Omelet(te)sThey're easy to cook, right?We'll see.The first thing to remember is that you need the right size of frying pan.
Is Cooked Food Really All That Good For Us?
In nature all animals eat living foods as yielded up by Nature. Only humans cook their foods and only humans suffer widespread sicknesses and ailments.
Barbecue for You
In may just be in human nature to barbecue. Well,we have been doing it as far back as time candenote.
Make It With Mint
It wouldn't be summer without fresh mint in pots on the front porch and in the garden. Mint is so easy to grow, it has such a wonderful fresh scent, and it can be used for all sorts of things.
How to Make Sandwich Rolls with Your Bread Machine
For that next picnic or family outing, consider making sandwich rolls with your bread machine. They are quick and easy and so much better than what you buy from the stores.
The Almighty Beer-Can Chicken
A popular method of cooking chicken in recent years both in Barbeque contest as well as backyard barbeques is the beer-can chicken. Cooking a beer-can chicken couldn't be any easier but the results are worthwhile.
Cool Summertime Cooking
Summertime--and the living is easy! But the kitchen is hot!! It's time for some cool cooking recipes and tips!1. Cook outdoors.
Two for One Dinners: Eggplant
If you find leftovers boring, uninviting or downright "yuck," then here are some ideas to put the "zing" back into mealtime. With a little creativity your home-cooked meal can easily become a delicious meal another night.
Emergency Bread: Can you Bake Bread Without an Oven?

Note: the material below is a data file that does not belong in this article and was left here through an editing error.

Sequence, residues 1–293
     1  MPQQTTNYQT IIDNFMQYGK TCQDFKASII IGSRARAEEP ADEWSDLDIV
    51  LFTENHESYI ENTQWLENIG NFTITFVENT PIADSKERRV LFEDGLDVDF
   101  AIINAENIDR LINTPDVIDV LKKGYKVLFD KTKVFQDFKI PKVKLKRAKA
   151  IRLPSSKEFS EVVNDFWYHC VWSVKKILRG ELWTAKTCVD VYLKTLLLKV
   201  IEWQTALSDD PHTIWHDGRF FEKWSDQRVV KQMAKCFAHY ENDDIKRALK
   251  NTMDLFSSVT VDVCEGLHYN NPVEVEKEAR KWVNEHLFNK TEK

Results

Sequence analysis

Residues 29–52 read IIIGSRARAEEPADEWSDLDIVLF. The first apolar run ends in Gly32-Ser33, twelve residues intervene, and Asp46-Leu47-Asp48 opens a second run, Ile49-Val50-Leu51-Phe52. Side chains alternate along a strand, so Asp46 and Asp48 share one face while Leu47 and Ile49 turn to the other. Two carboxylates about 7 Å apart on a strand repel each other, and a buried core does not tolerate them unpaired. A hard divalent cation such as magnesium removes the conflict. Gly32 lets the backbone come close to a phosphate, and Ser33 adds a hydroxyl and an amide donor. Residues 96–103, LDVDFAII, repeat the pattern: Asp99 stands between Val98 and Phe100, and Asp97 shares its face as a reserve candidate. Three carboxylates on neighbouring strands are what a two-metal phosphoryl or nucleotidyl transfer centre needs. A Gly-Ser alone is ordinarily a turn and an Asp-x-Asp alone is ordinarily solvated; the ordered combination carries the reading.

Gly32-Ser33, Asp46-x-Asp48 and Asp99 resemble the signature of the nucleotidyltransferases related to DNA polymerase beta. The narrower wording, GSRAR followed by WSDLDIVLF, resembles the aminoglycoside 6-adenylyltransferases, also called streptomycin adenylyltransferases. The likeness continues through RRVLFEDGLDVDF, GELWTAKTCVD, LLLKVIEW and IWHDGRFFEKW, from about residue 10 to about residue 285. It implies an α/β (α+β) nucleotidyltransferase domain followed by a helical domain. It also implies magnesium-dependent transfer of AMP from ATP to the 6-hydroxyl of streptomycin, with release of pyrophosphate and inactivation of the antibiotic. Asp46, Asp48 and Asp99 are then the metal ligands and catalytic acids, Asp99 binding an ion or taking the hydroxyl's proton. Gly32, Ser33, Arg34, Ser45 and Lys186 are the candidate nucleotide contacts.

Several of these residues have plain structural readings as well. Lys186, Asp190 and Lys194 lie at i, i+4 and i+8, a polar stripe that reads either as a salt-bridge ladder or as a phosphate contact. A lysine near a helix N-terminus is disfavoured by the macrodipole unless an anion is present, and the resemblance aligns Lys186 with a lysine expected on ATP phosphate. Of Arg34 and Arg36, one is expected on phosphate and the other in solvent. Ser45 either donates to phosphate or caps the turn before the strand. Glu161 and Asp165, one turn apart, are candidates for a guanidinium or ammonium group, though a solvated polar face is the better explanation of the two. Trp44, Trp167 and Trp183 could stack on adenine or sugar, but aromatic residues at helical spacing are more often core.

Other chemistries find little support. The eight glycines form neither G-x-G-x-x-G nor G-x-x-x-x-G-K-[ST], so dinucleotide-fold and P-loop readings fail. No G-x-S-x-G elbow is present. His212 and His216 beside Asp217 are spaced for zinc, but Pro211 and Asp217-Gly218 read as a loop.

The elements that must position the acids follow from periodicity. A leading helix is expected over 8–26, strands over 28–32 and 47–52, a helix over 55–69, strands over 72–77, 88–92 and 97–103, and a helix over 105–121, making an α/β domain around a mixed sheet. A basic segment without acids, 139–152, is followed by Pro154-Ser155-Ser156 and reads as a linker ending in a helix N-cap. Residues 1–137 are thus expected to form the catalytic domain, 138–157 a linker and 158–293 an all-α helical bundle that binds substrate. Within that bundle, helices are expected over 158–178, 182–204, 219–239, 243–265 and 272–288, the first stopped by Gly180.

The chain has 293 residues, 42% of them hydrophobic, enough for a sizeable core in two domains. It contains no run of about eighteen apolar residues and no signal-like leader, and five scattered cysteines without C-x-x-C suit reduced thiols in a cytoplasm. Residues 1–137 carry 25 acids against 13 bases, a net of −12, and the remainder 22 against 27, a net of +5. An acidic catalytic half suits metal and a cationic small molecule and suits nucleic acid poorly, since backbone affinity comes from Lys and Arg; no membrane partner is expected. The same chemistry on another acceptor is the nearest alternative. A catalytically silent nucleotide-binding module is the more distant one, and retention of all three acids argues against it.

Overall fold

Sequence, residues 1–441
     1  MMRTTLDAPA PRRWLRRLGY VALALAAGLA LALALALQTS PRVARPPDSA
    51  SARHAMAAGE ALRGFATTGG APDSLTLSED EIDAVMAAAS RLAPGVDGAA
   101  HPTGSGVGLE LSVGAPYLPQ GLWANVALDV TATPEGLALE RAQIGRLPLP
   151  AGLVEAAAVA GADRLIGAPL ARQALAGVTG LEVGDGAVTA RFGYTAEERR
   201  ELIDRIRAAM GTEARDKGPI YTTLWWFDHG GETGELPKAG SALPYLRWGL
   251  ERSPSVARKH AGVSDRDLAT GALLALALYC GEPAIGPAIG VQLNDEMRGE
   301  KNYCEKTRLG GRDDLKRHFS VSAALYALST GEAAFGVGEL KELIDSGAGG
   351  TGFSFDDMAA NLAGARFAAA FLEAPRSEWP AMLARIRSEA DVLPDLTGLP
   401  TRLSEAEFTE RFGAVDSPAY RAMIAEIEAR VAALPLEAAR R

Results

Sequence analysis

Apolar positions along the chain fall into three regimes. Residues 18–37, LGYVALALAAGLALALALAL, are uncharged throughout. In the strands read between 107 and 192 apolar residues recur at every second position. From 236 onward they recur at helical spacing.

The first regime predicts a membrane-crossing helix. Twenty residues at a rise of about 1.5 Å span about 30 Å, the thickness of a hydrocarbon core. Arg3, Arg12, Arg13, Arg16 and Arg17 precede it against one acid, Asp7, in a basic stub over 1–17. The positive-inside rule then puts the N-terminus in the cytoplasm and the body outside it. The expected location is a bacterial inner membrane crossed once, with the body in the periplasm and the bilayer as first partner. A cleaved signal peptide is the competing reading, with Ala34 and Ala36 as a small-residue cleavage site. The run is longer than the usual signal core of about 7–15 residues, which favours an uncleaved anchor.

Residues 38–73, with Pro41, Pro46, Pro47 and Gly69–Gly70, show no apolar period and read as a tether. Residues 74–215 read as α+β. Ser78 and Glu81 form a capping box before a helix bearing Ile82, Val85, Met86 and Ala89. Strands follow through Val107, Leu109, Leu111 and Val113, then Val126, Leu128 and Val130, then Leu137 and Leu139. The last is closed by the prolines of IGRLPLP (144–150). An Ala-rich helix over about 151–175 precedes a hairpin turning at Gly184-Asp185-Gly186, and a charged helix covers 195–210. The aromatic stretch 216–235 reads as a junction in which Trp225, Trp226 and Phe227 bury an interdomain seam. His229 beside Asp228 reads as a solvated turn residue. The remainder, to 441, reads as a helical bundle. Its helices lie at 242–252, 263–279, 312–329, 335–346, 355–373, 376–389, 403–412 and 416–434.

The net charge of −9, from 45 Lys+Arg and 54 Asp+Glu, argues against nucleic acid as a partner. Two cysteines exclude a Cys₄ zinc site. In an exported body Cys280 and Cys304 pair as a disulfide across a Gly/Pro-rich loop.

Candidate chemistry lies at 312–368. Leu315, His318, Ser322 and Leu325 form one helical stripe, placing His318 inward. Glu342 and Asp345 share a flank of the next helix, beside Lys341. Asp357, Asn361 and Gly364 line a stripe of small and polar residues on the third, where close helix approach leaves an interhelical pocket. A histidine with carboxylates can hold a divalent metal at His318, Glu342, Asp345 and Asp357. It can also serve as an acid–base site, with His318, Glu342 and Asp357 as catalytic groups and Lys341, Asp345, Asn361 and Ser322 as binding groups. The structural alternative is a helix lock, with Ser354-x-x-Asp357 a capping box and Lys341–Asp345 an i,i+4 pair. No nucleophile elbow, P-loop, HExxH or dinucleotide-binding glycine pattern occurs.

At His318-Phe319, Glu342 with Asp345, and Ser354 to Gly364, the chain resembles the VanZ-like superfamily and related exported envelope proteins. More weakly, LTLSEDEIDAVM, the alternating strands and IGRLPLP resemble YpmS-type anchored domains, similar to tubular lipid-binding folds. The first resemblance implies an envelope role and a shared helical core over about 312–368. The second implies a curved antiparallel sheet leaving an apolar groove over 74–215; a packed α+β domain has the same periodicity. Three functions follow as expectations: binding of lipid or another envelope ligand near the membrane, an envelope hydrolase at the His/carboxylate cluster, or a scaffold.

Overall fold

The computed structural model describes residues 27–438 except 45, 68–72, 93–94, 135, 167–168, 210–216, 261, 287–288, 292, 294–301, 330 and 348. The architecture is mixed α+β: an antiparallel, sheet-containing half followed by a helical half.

What would you eat if you were stranded without power? It could happen; it does happen. A natural disaster, a breakdown in the delivery system as the Northeast experienced recently, or a terrorist strike against the infrastructure could leave you without power.
How to cut a cake
Have you ever wondered how to cut a cake? I have had a lot of practice. When I turned 16 and requested a Spider Man sheet cake I busily honed my cake cutting skills by making concentric rectangles and then served up the master piece.
Better Breakfasts Ideas
Nutritionists tell us that breakfast is the most important meal of the day. With breakfast, we are replenishing our bodies from the night before and charging them for the day ahead.
How to Grill Most Any Vegetable You Can Think Of!
Grilling vegetables is easy. The fact that more people don't do it is the strange thing.
How to Cook Rice Right
The easiest way to make rice well every time is to use a rice cooker. If you don't have one, or don't want one, though, here's a no-fail recipefor rice that one of my grandmothers taught my mother, who taught me.
Pyrex Mixing Bowls - A Kitchen Favorite
Pyrex mixing bowls typically come in sets of 3 with a small, medium and large bowl that sits snuggly inside each other. Pyrex has been around for almost 90 years.
The Wonderful Wok: Stir Frying Basics
Want to enjoy the tantalizing taste of Asian food at home? Invest in a wok! Stir-frying is one of the easiest ways to create a delicious, healthy dinner in minutes. Learn to prepare meals the Asian way: light on meat, heavy on the vegetables, and quick-cooked on high heat to retain vitamins and flavors.
Gourmet Sauces, Rubs and Marinades - Give Your BBQ a Gourmet Kick
Many individuals agree that the sauce on barbecued meat is like the icing on a cake. Gourmet barbecue sauces, rubs and marinades are commonly served on (or on the side of) the finished dish.
Foods That Freeze Well
"Can I freeze it?" is a question often asked in our homes, and for good reason. Probably most of us, at some point or another, have attempted to freeze a particular food only to find out that it did not freeze well and either spoiled or became inedible.